Translation: big money is backing the collaborative society model. One gets the feeling there’s no turning back.
Here’s something powerful that Uber has going for it: the public’s demand for its services.
Back to Legal Services and Inchoate Disruption
Many lawyers reading this — if they have not already clicked out — might be thinking, “We have regulations that will prevent the Ubers of the world from taking over. In fact, that’s why we are self-regulated — because we know what can happen when others interfere with what we know best. Besides, law is unique.”
Really? The UK, Australia, and other developed nations have already “reregulated” the legal industry’s guardrails in their countries, providing a kick-start for new entrants as well as enabling incumbent firms flexibility to share ownership and revenues with non-lawyers. Some incumbents are “hedging their bets” by backing new model entrants while maintaining their traditional model law firms. Consider DLA, by headcount and revenues one of the global Goliaths of the traditional law firm model, which invested in Riverview, a UK-based, fixed-price, technology driven law firm that embodies the new firm model.
Then there are alternative service providers like Axiom and UnitedLex, each the size of major law firms in headcount and revenues — as well as global reach — that provide sophisticated legal services but are not engaged in the practice of law.
Or take LegalZoom, a technology turned legal document company with nine-figure revenues, a well-known brand, and a newly minted British “Alternative Business Structure” license which enables it, among other things, to partner with law firms to create a very different model law firm that might look very much like Uber-applied-to law. How? LegalZoom’s robust IT platform will connect legal consumers — mostly “retail” — to a wide network of attorneys who can offer needed expertise faster, cheaper, and more efficiently — and at a fixed price.
There’s also the BigFour and other formidable new entrants into the legal vertical who have the brand, scale, technology, breadth, depth of expertise, and, most of all, the capital to disrupt the traditional law firm model — in the corporate segment of the market. There are many entrants in the legal disruption sweepstakes and even if it is incremental, a tipping point is being reached.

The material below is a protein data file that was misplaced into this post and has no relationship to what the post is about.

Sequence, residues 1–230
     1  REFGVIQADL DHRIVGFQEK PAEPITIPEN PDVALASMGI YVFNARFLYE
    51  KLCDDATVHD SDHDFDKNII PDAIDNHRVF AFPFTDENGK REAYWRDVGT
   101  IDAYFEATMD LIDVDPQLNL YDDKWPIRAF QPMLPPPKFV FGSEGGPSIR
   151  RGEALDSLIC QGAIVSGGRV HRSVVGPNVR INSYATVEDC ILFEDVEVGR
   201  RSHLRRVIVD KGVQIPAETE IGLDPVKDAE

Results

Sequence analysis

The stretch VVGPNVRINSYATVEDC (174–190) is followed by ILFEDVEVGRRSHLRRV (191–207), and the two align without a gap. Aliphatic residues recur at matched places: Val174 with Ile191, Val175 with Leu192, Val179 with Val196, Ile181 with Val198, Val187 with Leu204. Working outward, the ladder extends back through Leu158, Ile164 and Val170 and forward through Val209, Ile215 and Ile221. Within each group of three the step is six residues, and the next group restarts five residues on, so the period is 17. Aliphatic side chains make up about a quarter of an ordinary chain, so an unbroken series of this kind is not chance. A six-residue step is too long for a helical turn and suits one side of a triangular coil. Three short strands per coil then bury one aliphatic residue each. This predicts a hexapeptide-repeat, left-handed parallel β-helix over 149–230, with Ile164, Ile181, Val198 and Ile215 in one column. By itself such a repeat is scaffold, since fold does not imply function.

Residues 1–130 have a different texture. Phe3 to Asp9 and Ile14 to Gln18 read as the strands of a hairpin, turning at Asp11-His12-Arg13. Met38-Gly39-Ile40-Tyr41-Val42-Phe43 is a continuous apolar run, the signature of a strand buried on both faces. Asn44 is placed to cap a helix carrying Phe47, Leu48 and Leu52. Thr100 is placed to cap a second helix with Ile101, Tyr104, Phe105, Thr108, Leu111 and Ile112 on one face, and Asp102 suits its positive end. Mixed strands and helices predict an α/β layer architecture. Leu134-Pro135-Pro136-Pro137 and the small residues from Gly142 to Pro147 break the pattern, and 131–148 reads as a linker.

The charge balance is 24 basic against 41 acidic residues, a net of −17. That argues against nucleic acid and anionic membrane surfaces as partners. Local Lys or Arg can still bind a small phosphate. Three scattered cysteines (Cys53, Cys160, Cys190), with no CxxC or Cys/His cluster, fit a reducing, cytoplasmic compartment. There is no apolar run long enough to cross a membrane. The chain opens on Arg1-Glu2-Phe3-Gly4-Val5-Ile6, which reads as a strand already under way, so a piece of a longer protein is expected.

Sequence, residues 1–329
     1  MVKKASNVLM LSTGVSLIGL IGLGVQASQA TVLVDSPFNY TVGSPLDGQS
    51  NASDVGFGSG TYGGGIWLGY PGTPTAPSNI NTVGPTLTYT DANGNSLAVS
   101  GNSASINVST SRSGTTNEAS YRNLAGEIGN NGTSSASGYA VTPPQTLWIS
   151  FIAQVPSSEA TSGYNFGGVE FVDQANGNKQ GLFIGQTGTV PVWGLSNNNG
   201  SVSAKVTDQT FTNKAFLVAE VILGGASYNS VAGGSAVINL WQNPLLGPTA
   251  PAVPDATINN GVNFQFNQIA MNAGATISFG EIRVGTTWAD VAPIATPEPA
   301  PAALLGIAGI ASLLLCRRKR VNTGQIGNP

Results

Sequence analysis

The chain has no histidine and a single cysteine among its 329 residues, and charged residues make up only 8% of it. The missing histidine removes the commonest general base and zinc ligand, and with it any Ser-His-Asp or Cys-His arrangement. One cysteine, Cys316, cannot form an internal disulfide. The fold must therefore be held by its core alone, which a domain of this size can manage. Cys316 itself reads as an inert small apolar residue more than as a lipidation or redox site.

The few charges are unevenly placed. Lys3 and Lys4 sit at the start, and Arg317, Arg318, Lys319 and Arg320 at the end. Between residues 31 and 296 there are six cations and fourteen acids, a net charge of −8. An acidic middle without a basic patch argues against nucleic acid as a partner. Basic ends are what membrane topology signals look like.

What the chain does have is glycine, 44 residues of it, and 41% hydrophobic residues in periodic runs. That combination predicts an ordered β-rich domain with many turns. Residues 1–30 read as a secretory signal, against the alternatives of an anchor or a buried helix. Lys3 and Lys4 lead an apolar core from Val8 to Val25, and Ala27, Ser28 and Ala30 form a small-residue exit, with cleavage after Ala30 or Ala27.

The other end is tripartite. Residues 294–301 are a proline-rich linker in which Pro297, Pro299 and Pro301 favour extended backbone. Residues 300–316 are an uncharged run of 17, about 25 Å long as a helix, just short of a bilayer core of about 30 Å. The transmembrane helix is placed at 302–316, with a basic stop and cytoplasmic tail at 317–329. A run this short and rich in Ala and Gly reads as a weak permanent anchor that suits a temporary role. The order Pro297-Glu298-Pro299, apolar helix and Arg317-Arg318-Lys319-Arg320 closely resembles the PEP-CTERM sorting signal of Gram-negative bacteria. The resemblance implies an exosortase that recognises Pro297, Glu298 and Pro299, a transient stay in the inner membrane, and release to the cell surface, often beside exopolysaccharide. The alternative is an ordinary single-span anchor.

And Now for Something Completely Different
Uber did not seek to create a variation on the traditional cab company by, say, painting its cars crushed orange, or discounting cab rates by a certain percentage. Instead, they utilized technology —upon which they made a huge initial investment — to alter the way people utilize car-for-hire transport. In the process, they did away with the existing taxi fleet model, replacing it with resources they neither owned nor maintained.
Uber utilized technology — upon which they made a huge initial investment — to alter the way people utilize car-for-hire transport.
How could this be done in the delivery of legal services? Let’s start with the premise that disaggregation of legal tasks is already well underway, meaning that the role and function of the traditional law firm has already changed.
Law firms are routinely paired with various service providers in the legal supply chain; the limitation is that the technology — at least from the law firms — cannot presently integrate the supply chain.
But technology does exist — and has for some time — that not only effects integration of the legal supply chain but also jettisons cost-escalators endemic to the traditional law firm model.
The ingredients for full-blown legal disruption are largely in place: (1) technology; (2) relatively low regulatory and legal hurdles; (3) a wealth of providers with under-utilized assets (“Service Partner Resurrected?”) and, in the retail market segment, a glut of clients in need of representation —“the access to justice crisis”; and (4) consumers driven to identify more cost-effective, efficient alternatives to traditional legal service providers.
What’s missing and when will the tipping point occur?
Think of Roberto Duran’s famous “No mas!” That will come when the C-Suite demands — as it is showing increasing signs of doing — that legal services are delivered with the same price predictability, sensitivity, efficiency, and metrics as other goods and services in the business world.
At that point — and it will happen soon — disruption will occur in the legal vertical, and it will come quickly and decisively.
Lawyers need not fret about their impending extinction but, like cab drivers, many of them will soon be working for companies with a new economic model.